Republicans Sending Signals Won’t Force U.S. Into Default on Debt Limit

Its sounds like Congressional Republicans are manning the lifeboats to flee the sinking “Good Ship Default Deschmault Do What We Say Or We Don’t Raise the Debt Limit.” The ship is sinking — not because of it’s long name, but because political pros on both sides think it would be disastrous for the GOP if House Republicans triggered a national and perhaps international financial meltdown. And perhaps the Republican retreat where GOPers heard about the party’s increasingly lousy image — plus the latest poll — has something to do with it. Talking Points Memo:

The jig is up. Republicans are going to increase the debt limit. Probably for free.

And in the end, their change of heart took about two weeks.

Sen. John Cornyn (R-TX), who on January 4 warned that Republicans might force the country past the debt limit, now says “We will raise the debt ceiling. We’re not going to default on our debt.”

Influential conservative columnist Charles Krauthammer says Republicans should increase the debt limit in small increments, but without any real hope of using it to extract concessions.

The only thing left is for party leaders to talk a conservative rump of House Republicans through the stages of grief ahead of the deadline just over a month from now. That was ostensibly the purpose of the House Republican conference’s three-day retreat in Williamsburg, Va., which comes to an end this afternoon.
And then you’ll note Sean Hannity et. all falling into the new party line.

Over the past 36 hours, Republican House members have been provided a blunt assessment of the consequences of breaching the debt limit, and batted around a variety of options that run the gamut from the most extreme form of hostage taking to effective surrender. In Rep. Paul Ryan’s words, they’ve set expectations — presumably quite low. What they haven’t heard yet is an edict from the top that the party must abandon even the pretense of using the debt limit as a source of leverage — that the “Boehner rule,” which requires a dollar in spending cuts for every dollar increase in the debt limit, is really, truly dead. And so the threat continues, however diminished.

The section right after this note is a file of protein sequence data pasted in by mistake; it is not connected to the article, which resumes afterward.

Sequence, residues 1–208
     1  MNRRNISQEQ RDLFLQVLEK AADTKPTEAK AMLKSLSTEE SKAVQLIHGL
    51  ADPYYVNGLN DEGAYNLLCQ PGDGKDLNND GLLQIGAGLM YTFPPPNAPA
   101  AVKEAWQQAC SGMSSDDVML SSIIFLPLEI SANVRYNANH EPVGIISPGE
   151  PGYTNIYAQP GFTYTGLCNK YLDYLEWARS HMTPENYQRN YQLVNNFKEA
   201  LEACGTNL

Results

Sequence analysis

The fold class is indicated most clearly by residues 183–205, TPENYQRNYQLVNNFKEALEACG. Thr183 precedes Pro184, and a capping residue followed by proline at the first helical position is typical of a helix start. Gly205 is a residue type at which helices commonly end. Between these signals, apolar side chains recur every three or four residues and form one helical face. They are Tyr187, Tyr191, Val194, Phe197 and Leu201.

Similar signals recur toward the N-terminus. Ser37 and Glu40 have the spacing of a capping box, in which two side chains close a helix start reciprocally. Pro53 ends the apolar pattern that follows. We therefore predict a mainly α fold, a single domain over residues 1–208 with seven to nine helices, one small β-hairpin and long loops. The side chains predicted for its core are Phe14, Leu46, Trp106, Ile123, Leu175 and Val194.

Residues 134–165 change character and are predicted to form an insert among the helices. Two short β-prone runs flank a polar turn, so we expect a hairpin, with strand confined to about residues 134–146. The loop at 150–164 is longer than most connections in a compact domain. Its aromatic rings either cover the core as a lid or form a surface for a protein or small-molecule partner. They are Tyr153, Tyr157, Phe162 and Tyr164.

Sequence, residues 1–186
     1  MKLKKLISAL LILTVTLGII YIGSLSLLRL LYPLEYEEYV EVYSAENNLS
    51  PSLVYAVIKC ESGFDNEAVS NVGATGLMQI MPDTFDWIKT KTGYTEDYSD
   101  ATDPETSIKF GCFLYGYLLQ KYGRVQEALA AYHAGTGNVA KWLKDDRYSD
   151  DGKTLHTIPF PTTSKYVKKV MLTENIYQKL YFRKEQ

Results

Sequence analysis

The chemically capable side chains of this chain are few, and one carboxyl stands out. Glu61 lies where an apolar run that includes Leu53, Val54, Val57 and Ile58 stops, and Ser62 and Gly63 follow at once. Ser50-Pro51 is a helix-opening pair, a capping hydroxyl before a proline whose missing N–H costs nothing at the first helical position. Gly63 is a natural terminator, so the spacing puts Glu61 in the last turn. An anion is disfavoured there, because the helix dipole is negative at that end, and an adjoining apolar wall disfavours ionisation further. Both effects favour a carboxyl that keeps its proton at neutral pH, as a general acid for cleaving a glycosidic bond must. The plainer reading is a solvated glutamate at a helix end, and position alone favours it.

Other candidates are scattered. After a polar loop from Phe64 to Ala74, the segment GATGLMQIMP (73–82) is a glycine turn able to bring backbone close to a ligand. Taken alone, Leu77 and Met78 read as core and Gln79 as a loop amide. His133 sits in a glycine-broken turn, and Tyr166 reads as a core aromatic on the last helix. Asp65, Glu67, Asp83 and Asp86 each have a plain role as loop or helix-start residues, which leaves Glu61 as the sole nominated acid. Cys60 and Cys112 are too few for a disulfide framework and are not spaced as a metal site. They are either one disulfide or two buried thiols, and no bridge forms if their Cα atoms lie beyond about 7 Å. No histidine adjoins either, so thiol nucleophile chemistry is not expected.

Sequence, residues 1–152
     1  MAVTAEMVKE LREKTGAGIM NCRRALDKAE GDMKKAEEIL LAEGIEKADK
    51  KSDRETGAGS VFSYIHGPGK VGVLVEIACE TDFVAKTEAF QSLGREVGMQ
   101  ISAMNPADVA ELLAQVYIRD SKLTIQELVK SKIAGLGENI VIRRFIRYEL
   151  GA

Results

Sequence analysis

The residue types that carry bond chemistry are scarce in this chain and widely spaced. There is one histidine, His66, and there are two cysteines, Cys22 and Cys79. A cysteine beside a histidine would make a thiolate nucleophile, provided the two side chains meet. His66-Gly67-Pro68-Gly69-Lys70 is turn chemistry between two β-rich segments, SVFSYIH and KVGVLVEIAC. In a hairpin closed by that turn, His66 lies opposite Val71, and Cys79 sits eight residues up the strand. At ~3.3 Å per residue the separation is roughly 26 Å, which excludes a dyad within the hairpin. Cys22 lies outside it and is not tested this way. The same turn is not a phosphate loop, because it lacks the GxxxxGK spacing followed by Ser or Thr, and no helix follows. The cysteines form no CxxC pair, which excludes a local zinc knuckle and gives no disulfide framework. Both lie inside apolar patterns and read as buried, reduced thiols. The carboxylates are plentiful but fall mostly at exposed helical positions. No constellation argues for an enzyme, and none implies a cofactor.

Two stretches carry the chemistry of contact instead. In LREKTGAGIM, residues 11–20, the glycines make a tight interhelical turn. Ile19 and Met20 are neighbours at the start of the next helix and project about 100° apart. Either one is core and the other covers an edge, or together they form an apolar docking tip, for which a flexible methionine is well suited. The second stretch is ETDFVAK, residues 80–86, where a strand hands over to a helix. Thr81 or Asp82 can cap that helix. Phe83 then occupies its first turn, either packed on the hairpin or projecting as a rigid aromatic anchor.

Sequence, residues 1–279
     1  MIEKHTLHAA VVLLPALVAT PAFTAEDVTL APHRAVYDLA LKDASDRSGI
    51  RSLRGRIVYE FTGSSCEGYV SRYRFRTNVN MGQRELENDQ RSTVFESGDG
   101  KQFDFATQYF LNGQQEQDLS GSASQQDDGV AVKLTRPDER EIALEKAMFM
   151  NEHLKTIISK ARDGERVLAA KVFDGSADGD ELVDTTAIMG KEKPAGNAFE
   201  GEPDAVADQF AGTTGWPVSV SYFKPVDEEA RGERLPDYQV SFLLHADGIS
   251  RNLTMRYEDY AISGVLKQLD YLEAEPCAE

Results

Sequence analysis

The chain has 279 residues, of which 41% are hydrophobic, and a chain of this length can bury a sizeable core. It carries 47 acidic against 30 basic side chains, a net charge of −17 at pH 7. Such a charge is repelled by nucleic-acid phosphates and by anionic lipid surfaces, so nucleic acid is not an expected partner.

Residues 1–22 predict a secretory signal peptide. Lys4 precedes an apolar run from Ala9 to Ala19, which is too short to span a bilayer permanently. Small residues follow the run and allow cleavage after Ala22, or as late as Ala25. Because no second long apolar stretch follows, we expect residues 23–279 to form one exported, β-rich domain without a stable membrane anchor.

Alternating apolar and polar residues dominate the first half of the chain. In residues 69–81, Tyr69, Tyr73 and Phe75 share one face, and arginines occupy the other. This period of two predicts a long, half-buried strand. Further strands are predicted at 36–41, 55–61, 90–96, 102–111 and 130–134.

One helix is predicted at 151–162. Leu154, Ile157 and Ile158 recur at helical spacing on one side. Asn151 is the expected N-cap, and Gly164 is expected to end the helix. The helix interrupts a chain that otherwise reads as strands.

The biggest tell of the week didn’t come in an official statement from party leaders or a tightly choreographed press event, but in a couple of glancing thoughts from Rep. John Fleming (R-LA) who moseyed over from the main lodge at the Kingsmill resort to the club house — where organizers confined the press — to chat with reporters about the state of affairs as of Thursday afternoon.

Fleming started off by cautioning his audience of reporters that House Republicans would be hard-pressed to pass a clean debt limit bill, and so would try to coalesce around a bill that both increases borrowing authority and cuts spending.

“I think the Republicans would have a real problem giving the president a clean debt ceiling, even … short term,” he said. “Maybe some would do it, but I think to get a majority of the majority vote, I think it’s impossible.”

Fleming was talking about the Hastert rule — the GOP’s principle that legislation shouldn’t come to the floor unless the majority of the conference supports it. But five minutes later Fleming gave up the ghost.

“I think that the majority of the majority Hastert rule comes out of a time when we had a Republican president,” he acceded. “When you have a Democrat president that’s a very hard thing to achieve sometimes — and not necessarily important.”

The sound you hear is of political goalposts being moved.